Michel Foucault and Alain Badiou Discuss “Philosophy and Psychology” on French TV (1965)

If sub­ti­tles don’t play auto­mat­i­cal­ly, please click the “CC” but­ton at the bot­tom of each video.

When Sig­mund Freud died in 1939, the year Hitler invad­ed Poland, W.H. Auden wrote a eulo­gy in verse and remarked “We are all Freudi­ans now.” One might have said some­thing sim­i­lar of Michel Fou­cault after his death in 1984. Fou­cault became a fierce­ly polit­i­cal philoso­pher after the May 1968 Paris stu­dent upris­ing and in a year that saw the Tet Offen­sive in Viet­nam and the assas­si­na­tions of Mar­tin Luther King Jr. and Robert Kennedy. In the fol­low­ing year—after the Man­son mur­ders and the grim events at Altamont—the six­ties effec­tive­ly came to an end as its utopi­an projects flared up and fiz­zled.

In the next repres­sive decade, Fou­cault pub­lished Dis­ci­pline and Pun­ish (1974) and his His­to­ry of Sex­u­al­i­ty (1976). Even as he used Freudi­an con­cepts, he declared Freudi­an psy­cho­analy­sis com­plic­it in what he called “dis­ci­pli­nary soci­ety,” anoth­er method, like pris­ons, schools, and hos­pi­tals, of keep­ing mass­es of peo­ple under con­stant sur­veil­lance and in states of sub­mis­sion. It is this post-‘68 Fou­cault many of us came to know—an anti-philoso­pher whose deep dis­trust of all insti­tu­tion­al forms of pow­er seemed the per­fect ally for post-ado­les­cent col­lege stu­dents in com­fort­able rebel­lion. This is why it is a lit­tle sur­pris­ing to see the Fou­cault above, in a 1965 con­ver­sa­tion with philoso­pher Alain Badiou, ensconced in the bour­geois world of a French philo­soph­i­cal cul­ture, with its lin­eages and ordi­nary cit­i­zens brows­ing paper­back copies of Marx and Hegel, instead of stag­ing Sit­u­a­tion­ist actions to dis­rupt the social order.

But of course, it’s only log­i­cal to infer that the one cul­ture led direct­ly to the oth­er. For all his rhetor­i­cal the­atrics, Fou­cault nev­er gave up on the human­ist insti­tu­tion of the uni­ver­si­ty, but always made his home in class­rooms, lec­ture halls, and yes, even TV inter­views. His top­ic in con­ver­sa­tion with Badiou is “Phi­los­o­phy and Psy­chol­o­gy” and they came togeth­er on the edu­ca­tion­al tele­vi­sion pro­gram L’enseignement de la philoso­phie—anoth­er tes­ta­ment, like the well-stocked book­stores and cul­tur­al land­marks, to a six­ties French cul­ture steeped in philo­soph­i­cal atti­tudes. Unfor­tu­nate­ly we have only the first two parts of the inter­view, above, with Eng­lish sub­ti­tles (the third and final part is still wait­ing to be trans­lat­ed). You can, how­ev­er, see the full inter­view in French below.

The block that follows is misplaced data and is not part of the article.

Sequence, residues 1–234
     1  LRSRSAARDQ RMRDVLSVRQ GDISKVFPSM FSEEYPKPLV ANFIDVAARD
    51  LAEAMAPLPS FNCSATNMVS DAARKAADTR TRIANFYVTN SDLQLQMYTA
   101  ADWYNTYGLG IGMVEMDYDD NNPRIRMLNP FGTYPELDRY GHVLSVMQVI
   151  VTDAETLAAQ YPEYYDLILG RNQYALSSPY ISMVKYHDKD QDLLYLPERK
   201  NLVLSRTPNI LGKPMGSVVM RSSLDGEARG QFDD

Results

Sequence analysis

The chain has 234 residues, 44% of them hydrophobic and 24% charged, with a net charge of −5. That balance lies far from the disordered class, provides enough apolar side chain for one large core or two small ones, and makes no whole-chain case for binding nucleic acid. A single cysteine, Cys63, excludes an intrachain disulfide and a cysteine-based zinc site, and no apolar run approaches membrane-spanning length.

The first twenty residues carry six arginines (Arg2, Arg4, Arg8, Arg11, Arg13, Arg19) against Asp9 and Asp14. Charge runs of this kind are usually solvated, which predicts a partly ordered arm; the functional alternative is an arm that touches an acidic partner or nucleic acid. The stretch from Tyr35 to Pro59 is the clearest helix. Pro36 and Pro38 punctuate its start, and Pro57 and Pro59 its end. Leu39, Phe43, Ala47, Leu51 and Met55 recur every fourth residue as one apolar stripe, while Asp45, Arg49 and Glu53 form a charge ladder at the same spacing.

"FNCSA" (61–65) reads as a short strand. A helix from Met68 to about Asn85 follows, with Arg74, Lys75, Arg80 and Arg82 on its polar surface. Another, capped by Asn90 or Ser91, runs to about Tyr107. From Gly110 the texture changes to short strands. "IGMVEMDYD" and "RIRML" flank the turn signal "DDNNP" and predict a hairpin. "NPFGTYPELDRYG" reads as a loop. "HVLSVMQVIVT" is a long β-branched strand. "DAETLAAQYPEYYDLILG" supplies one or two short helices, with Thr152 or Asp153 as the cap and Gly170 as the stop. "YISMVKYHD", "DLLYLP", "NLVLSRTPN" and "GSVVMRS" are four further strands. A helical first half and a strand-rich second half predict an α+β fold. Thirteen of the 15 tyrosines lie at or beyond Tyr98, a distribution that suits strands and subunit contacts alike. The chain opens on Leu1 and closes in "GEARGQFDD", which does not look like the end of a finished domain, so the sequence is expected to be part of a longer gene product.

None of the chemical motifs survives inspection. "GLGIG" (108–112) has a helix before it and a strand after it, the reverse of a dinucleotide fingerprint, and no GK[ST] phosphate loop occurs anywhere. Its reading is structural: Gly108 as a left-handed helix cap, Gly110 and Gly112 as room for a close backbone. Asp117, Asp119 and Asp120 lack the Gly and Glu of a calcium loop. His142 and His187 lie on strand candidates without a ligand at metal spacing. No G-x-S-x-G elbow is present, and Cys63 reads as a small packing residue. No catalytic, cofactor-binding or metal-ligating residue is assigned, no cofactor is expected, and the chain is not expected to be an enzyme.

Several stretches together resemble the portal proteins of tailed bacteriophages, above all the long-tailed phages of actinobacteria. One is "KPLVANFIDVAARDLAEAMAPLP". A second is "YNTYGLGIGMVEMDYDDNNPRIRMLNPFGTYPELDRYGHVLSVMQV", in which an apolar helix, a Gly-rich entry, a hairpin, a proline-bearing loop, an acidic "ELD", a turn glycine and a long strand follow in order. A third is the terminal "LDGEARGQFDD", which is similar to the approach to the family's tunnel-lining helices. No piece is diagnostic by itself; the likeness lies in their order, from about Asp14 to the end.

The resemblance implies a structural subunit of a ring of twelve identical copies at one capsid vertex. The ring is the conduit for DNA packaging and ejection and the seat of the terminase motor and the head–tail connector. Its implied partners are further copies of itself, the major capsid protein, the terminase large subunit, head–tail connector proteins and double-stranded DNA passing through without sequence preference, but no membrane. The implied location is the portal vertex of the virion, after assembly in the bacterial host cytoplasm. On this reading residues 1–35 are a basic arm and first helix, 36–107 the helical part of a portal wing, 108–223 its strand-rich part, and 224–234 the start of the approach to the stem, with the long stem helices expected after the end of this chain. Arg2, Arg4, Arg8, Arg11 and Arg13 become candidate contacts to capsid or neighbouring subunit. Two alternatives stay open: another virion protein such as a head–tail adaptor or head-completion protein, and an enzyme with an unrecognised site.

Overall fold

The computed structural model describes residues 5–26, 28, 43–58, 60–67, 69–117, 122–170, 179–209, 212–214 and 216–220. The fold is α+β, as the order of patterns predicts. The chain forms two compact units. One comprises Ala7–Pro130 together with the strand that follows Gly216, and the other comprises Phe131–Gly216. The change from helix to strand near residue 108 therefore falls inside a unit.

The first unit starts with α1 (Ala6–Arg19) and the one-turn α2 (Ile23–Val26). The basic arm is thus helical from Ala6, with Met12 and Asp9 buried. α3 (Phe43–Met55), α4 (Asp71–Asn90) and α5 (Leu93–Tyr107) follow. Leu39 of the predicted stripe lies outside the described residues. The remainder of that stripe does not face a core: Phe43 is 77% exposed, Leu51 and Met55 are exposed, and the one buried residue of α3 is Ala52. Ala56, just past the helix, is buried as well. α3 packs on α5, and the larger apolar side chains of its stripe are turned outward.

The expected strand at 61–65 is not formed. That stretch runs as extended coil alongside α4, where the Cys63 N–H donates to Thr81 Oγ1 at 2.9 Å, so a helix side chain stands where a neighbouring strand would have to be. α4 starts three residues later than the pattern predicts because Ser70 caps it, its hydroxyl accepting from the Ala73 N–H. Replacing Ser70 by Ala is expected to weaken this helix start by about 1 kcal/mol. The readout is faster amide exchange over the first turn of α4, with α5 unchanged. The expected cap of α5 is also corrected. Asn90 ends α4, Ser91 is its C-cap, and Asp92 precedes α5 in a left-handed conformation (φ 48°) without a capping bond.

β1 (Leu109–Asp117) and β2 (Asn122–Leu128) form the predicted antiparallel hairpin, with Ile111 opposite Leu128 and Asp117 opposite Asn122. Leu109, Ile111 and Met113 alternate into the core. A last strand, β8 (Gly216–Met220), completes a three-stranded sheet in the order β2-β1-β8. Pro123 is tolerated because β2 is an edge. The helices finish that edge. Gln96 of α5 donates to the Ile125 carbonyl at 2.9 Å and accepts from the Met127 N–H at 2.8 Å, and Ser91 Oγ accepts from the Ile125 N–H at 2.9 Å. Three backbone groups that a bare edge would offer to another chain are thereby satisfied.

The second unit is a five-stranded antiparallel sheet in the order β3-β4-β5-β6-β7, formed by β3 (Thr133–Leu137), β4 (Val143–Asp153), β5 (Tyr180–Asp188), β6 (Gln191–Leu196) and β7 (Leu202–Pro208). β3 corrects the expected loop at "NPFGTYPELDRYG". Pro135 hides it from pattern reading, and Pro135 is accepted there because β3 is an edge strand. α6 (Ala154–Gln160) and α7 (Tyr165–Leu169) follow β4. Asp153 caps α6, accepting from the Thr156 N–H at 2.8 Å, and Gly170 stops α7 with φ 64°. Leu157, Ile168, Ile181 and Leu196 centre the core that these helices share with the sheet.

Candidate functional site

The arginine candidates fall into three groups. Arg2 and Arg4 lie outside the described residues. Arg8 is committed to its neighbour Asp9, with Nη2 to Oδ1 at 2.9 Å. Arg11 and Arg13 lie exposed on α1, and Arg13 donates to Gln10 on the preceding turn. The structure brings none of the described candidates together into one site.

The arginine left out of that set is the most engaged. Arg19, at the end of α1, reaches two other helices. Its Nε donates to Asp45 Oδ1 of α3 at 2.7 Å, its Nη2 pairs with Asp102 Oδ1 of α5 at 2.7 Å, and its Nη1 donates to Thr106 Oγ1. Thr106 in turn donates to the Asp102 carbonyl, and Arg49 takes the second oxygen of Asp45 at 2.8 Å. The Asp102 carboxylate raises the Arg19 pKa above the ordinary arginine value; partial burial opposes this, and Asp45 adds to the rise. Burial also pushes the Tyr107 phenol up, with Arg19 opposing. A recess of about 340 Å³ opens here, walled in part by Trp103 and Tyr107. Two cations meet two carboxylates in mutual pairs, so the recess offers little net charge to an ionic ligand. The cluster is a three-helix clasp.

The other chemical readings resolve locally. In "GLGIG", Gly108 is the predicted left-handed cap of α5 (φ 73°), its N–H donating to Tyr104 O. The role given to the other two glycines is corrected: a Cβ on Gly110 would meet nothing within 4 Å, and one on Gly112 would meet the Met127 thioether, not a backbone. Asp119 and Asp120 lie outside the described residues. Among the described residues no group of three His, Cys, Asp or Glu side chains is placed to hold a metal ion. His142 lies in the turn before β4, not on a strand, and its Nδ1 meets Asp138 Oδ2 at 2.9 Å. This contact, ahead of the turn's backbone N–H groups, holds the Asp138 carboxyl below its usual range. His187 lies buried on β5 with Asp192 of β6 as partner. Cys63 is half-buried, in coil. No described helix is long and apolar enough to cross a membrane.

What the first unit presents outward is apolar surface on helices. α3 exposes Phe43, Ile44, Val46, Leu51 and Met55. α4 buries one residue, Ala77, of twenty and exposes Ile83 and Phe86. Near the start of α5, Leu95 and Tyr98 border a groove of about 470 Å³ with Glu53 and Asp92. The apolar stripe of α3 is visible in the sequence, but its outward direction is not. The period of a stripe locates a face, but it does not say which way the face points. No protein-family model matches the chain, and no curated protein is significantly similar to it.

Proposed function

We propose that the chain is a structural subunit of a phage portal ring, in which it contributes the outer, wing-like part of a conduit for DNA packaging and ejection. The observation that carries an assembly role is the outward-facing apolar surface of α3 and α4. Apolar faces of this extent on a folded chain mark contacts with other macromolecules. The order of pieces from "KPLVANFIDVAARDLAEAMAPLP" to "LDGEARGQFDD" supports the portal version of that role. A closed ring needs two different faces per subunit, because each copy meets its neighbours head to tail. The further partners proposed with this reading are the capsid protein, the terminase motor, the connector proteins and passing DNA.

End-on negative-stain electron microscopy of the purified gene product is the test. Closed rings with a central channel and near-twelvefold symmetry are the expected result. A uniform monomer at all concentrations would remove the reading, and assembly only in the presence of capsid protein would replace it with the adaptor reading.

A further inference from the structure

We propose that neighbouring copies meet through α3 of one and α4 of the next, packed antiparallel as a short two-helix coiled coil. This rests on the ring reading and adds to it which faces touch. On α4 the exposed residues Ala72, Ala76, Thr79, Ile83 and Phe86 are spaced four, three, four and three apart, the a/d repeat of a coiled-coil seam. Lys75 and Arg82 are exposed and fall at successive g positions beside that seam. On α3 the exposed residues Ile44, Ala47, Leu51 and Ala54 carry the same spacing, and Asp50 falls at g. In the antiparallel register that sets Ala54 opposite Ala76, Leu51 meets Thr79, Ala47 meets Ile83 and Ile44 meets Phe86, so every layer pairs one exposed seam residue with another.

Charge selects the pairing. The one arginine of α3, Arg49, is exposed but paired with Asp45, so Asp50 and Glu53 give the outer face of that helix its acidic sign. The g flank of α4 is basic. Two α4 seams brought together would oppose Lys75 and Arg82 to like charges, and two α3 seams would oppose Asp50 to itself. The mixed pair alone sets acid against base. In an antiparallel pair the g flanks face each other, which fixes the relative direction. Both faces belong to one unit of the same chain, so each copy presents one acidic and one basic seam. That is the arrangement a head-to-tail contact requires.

The inter­view opens with the ques­tion “What is psy­chol­o­gy?” Foucault’s answer, which he would revise many times in the com­ing decades, along with his ter­mi­nol­o­gy, begins by ask­ing that we “inter­ro­gate” the dis­ci­pline of Psy­chol­o­gy “like any oth­er type of cul­ture.” Prod­ded by Badiou, he elab­o­rates: Psy­chol­o­gy is yet anoth­er insti­tu­tion­al­ized “form of know­ing” that makes up a dis­ci­pli­nary soci­ety, the core con­cept of his phi­los­o­phy. Foucault’s inter­view­er Badiou is now an elder states­man of French phi­los­o­phy, its “great­est liv­ing expo­nent,” writes his pub­lish­er. His most recent book doc­u­ments forty years of what he calls the “’French moment’ in con­tem­po­rary thought”—one great­ly inspired by Michel Fou­cault.

Relat­ed Con­tent:

Hear Michel Fou­cault Deliv­er His Lec­ture on “Truth and Sub­jec­tiv­i­ty” at UC Berke­ley, In Eng­lish (1980)

Clash of the Titans: Noam Chom­sky & Michel Fou­cault Debate Human Nature & Pow­er on Dutch TV, 1971

Michel Foucault’s Con­tro­ver­sial Life and Phi­los­o­phy Explored in a Reveal­ing 1993 Doc­u­men­tary

Free Online Phi­los­o­phy Cours­es

Josh Jones is a writer and musi­cian based in Durham, NC. Fol­low him at @jdmagness

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